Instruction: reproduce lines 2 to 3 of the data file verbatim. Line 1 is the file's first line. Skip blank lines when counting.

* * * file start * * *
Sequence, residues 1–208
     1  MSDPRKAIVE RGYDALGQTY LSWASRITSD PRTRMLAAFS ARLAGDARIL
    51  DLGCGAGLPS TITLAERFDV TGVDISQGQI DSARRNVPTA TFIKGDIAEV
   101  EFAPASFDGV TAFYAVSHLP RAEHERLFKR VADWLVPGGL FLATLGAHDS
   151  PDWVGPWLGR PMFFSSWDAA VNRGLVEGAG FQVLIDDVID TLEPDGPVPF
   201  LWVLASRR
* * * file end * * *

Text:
     1  MSDPRKAIVE RGYDALGQTY LSWASRITSD PRTRMLAAFS ARLAGDARIL
    51  DLGCGAGLPS TITLAERFDV TGVDISQGQI DSARRNVPTA TFIKGDIAEV